Create a Slack Export File (Optional)

Creating a Slack export file, and linking to it in your Slack source, limits the amount of data that’s crawled by the Slack connector when indexing items.

Note

The use of a Slack export file adds a certain level of complexity to your integration and isn’t required or recommended in most cases. However, this may be a viable option in certain use cases to limit the amount of data that’s crawled by the Slack connector when indexing numerous channels with large numbers of items.

The amount of data the Slack connector crawls can be quite large depending on the number of channels you want to index and the number of items in those channels. In such cases, you can use a Slack export file to reduce the amount of time it takes the connector to index your workspace items.

A Slack export file includes the workspace content for a specified date range. When an export file is linked to your source, your source first uses the export file to retrieve items, and then the Slack API to retrieve all remaining items up to the current day.

Example

Your export file includes data from January 1, 2020 to August 1, 2021. Your source uses the export file to index the content for those dates, and then the Slack API to index content from August 2, 2021 to today. If you don’t use a Slack export file, your source uses solely the Slack API to index the content of your workspace.

Though a Slack export file may contain message data for all channels in your workspace, your slack source indexes messages only for the public channels to which your Slack bot is added. For more information on the messages that your source indexes, see Interaction With "Earliest Message To Index" Source Option.

Note

A Slack export file is essentially a snapshot of the workspace content at the moment that you create the export file. If a message that’s included in the export file is modified or deleted after you create the export file, your Slack source indexes the message as it appears in the export file and not the modified message.

Once you create a Slack export file, you must upload the file to a Cloud storage system, such as Dropbox or Google Drive. Share or provide read access to the file, and then enter a direct download URL for the file in your Slack source.

To create a Slack export file and host it on a Cloud storage system:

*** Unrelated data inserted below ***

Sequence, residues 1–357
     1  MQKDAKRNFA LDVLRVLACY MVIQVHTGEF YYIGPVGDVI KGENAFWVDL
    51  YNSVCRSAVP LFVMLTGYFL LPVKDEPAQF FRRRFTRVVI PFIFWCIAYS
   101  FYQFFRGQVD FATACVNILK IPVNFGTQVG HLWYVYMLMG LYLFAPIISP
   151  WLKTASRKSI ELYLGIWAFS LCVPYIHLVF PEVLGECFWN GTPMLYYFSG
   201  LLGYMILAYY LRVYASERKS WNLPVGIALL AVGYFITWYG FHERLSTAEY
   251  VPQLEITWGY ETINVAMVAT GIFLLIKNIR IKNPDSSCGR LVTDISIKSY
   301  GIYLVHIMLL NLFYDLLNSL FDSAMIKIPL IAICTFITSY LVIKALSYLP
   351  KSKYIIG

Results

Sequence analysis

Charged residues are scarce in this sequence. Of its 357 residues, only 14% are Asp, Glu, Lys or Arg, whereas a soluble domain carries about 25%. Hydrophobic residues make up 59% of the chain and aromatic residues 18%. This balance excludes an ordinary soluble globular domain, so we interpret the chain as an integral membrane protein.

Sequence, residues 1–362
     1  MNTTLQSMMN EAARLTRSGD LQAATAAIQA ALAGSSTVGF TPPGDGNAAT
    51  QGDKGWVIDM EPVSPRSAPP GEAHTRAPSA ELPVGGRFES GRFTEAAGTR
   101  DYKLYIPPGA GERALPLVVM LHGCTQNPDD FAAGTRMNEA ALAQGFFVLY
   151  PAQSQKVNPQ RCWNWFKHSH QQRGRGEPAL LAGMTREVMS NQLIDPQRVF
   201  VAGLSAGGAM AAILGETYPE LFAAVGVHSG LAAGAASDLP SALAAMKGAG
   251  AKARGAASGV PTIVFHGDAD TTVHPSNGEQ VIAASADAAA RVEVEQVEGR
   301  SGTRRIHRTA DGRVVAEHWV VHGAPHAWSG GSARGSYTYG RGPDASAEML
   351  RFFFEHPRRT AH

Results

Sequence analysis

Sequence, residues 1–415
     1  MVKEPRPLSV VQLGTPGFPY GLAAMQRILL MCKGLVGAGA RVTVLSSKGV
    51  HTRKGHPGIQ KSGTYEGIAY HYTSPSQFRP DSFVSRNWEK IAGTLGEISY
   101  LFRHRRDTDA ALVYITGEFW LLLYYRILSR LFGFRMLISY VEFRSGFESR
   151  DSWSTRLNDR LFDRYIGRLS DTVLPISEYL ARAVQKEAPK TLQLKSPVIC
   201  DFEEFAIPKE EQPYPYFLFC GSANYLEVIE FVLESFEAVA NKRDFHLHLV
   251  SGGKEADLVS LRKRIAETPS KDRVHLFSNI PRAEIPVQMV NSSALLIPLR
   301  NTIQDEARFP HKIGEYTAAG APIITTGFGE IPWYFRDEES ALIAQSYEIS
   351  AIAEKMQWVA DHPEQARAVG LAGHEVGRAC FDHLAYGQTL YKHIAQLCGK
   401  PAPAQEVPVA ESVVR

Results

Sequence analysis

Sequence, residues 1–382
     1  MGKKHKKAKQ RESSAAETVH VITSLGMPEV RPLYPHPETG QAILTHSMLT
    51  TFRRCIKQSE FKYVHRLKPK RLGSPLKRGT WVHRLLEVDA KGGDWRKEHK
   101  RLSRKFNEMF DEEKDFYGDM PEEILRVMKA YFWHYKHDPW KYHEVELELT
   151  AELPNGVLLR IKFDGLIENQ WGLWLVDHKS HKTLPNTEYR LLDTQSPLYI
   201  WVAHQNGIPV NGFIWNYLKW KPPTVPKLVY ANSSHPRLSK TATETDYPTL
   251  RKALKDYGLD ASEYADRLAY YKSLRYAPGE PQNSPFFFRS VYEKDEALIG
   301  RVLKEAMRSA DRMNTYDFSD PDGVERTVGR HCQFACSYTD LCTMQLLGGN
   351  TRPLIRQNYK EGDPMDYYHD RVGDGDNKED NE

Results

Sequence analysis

1. Export and download your workspace content.

  2. Upload the .zip file to a Cloud storage system of your choosing, such as Dropbox or Google Drive.

    Note

    The storage system you choose must be able to provide a method for sharing and creating a direct download link to your file that doesn’t expire. If the shared URL expires, your Slack source can’t access your export file.

  3. Share the file, or provide read access to the file, as specified in your storage system documentation.

    Note

    Your Slack source must be able to access and download the export file when indexing. This is accomplished by adding a direct download URL for your file in your Slack source. If your Cloud storage system includes an option to disable downloads for a file, ensure that option is disabled when sharing the file.

    Examples
    • Dropbox

      Share the file by selecting Anyone With Link for the Who Has Access option.

    • Google Drive

      Share the file by selecting Anyone With The Link and Viewer in the Share options.

  4. Enter a direct download URL to the file in your Slack source.

Interaction With "Earliest Message To Index" Source Option

A source configuration setting to pay close attention to when using a Slack export file is the Earliest message to index (in days) option.

The value that you set for that option in your source directly impacts the message data that your source indexes from your export file. Your source uses the export file to retrieve message data only if the latest message date in your export file falls within the specified number of days to index. If the Earliest message to index (in days) option is set to 0, your source always uses the earliest message date in your export file as a starting point when indexing. If the Earliest message to index (in days) option is set to any value other than 0, you may want to re-create your export file periodically and modify the Export Data URL in your source accordingly.

Example
  • Your export file includes data from January 1, 2020 to June 30, 2021.

  • The Earliest message to index (in days) option is set to 60 days.

If today’s date is July 30, 2021, your source uses the export file to index message data from June 1 to June 30 (30 days), and then the Slack API to index content for the remaining 30 days (from July 1 to today).

If today’s date is August 30, 2021, your source doesn’t use the export file to index message data as the last message in your export file is beyond the 60-day limit. In this case, your source uses solely the Slack API to index the last 60 days worth of message data.

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